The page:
With only a month to go until polls open for the 2015 general election, the smart money is saying that Nigel Farage’s insurgent party, UKIP, are on the back foot.
A growing number of articles and opinion pieces are talking down UKIP’s prospects, citing poll results which point to a decline in UKIP’s level of support from recent highs of 20% back down to the mid teens, and even speculating that Nigel Farage could fail to win his seat of South Thanet and be forced to follow through on his plan to resign the party leadership if he does not become an MP.
Finally sensing weakness after months on the back foot, the Conservative Party have pounced with David Cameron using an interview on the Tory battle bus to appeal to disaffected former Conservative Party voters to “come home” and abandon their new allegiance to UKIP.
From the Telegraph’s interview with David Cameron:
Asked if he believes Ukip defectors are finally returning to the Tories, Mr Cameron says: “A little. I think that is beginning to happen. There are people who have been frustrated about wanting more changes on immigration, wanting more certainty about the situation in Europe and they can now see that we have listened to those concerns. The referendum is now there, as it were, on the ballot paper if I’m prime minister before the end of 2017.
They can see the tougher approach we’ve taken to immigration. They can see the changes we’ve made. And I think it’s the time for Conservative voters who went off to Ukip – it’s the time to come home. On the basis that the real choice in this election is economic mayhem and chaos under Ed Miliband, possibly backed up by Nicola Sturgeon, or the certainty of continued competence and growth under the Conservatives.
“This election is about choosing a government. It’s not a moment of protest. It’s not a moment to send a message. Those times are over.
“I would say to those voters who have concerns – message received and understood. Now please, come on, let’s get together and take the country forward and avert the danger of a Labour government.”
This is more than a little patronising.
In calling for UKIP supporters to “come on, let’s get together ” for the good of the country, David Cameron is treating those who have defected from the Conservative Party like hysterical children who have thrown a tantrum for no good reason, and who can be coaxed back into quiet calm with a few soothing words. And for what?
What concrete steps has the Conservative Party taken to reach out to formerly loyal voters who have been tempted to join the UKIP revolution? What policies have been reversed, or what new commitments have been made?
David Cameron insists that Conservative/UKIP wavering voters “can now see that we have listened to those concerns” over immigration and Britain’s membership of the European Union. But while the Conservatives may have listened, it is far less clear that they have done anything with the information.
The Conservatives went into the last election in 2010 promising to reduce immigration to the “tens of thousands”, despite knowing full well that Britain does not have control over the levers needed to achieve this target. In 2015, it is a struggle to find any mention of immigration on the Conservative Party website, but buried deep are these vague promises, almost as toothless as those proposed by Ed Miliband and the Labour Party:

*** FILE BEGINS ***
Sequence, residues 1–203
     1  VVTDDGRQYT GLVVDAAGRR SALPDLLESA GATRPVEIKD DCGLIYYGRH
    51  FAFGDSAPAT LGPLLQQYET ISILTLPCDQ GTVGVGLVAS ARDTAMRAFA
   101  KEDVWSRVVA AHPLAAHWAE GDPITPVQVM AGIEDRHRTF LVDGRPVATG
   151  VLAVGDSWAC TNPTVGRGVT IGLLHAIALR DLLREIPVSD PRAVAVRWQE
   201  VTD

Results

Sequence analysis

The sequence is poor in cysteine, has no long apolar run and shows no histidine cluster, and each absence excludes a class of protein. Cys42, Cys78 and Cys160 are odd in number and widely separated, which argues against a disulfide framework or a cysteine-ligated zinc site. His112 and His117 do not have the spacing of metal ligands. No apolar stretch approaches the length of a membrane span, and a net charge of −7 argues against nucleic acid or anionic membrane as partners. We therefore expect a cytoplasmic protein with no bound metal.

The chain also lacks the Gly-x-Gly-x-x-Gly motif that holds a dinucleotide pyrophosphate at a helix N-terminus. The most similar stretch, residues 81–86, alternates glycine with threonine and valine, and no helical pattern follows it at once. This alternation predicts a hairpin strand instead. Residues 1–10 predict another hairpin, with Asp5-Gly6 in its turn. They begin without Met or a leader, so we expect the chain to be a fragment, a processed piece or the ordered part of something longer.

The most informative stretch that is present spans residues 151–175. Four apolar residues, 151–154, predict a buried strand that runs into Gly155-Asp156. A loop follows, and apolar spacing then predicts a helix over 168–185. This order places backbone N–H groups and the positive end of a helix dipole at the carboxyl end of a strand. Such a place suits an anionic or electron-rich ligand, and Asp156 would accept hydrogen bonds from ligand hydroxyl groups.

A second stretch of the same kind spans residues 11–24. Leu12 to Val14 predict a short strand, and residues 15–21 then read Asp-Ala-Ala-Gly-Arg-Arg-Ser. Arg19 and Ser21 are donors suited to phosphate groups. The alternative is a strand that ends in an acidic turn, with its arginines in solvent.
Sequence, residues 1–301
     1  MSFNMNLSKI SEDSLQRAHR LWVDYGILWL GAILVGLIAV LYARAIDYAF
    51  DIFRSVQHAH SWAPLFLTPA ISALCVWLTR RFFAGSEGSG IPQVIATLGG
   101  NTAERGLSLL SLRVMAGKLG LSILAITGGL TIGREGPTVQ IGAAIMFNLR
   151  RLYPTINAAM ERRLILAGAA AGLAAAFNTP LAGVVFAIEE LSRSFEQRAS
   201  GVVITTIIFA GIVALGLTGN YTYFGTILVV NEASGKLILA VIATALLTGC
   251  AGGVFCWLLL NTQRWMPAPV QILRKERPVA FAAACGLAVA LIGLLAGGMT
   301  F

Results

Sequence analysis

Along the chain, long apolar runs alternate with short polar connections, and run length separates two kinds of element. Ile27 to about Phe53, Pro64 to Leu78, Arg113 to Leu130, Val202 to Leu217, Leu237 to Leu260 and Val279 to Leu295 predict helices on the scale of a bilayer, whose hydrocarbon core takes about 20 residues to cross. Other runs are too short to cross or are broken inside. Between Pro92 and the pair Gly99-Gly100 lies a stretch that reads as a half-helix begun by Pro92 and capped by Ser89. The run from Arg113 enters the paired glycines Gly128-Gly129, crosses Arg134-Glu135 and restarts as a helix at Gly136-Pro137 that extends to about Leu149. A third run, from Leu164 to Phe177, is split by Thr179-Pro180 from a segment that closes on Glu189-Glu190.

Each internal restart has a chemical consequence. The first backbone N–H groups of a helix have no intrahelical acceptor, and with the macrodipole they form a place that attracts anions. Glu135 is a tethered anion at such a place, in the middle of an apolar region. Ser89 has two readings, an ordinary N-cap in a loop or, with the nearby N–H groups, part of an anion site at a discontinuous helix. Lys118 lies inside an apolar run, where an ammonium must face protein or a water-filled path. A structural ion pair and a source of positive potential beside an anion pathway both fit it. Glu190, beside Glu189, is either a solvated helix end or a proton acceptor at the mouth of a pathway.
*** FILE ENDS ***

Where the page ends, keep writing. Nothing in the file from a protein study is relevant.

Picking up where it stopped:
- Clamping down on benefits tourism and health tourism – so that we only welcome those who want to work hard and contribute to our society
- Cracking down on abuse of the immigration system by closing bogus colleges and making it much tougher for illegal immigrants to remain in the UK by restricting access to work, housing, benefits, healthcare, bank accounts and driving licences
- Introducing a new citizen test with British values at its heart
This is all well and good, but most immigrants do not come to Britain to claim benefits or exploit the NHS. David Cameron is tinkering around the edges of the issue because he is desperate not to admit his impotence in controlling the number of people allowed to enter the country and settle here, one of the basic functions of a normal nation state.
None of this is to say that immigration is bad, or necessarily too high – this blog is on the record believing that immigration is a net positive, though its benefits are certainly not felt by everyone in Britain. But for David Cameron and the Conservative Party to sit back in the expectation that recently defected ex-Tories will come meekly creeping back from UKIP just because the Tories are struggling to beat Labour is incredibly presumptuous, bordering on rude.
The Spectator’s Isabel Hardman agrees:
The trouble with the phrase ‘come home’ is that it contais a rather complacent assumption that voters have a natural home and that that home is the Conservatibe party, rather than the party having to compete for votes. This assumption about people ‘belonging’ to a party led to voters turning from the Tories to Ukip, and has led to Labour thrashing around in panic in Scotland as it realises that it’s voters aren’t its voters any more.
UKIP supporters, like all British voters, have heard these pledges and promises – to crack down on this or hold a referendum on that – before. And their experience tells them that when it comes to prioritising in government, manifesto pledges are swept aside, and “cast iron guarantees” are ignored in favour of political expediency and bland centrism.
The Conservatives can call all they like for disillusioned ex-Tories to return to the Tory fold, and some will undoubtedly listen. But many will not abandon UKIP’s purple banner for David Cameron’s pale, unconvincing promises.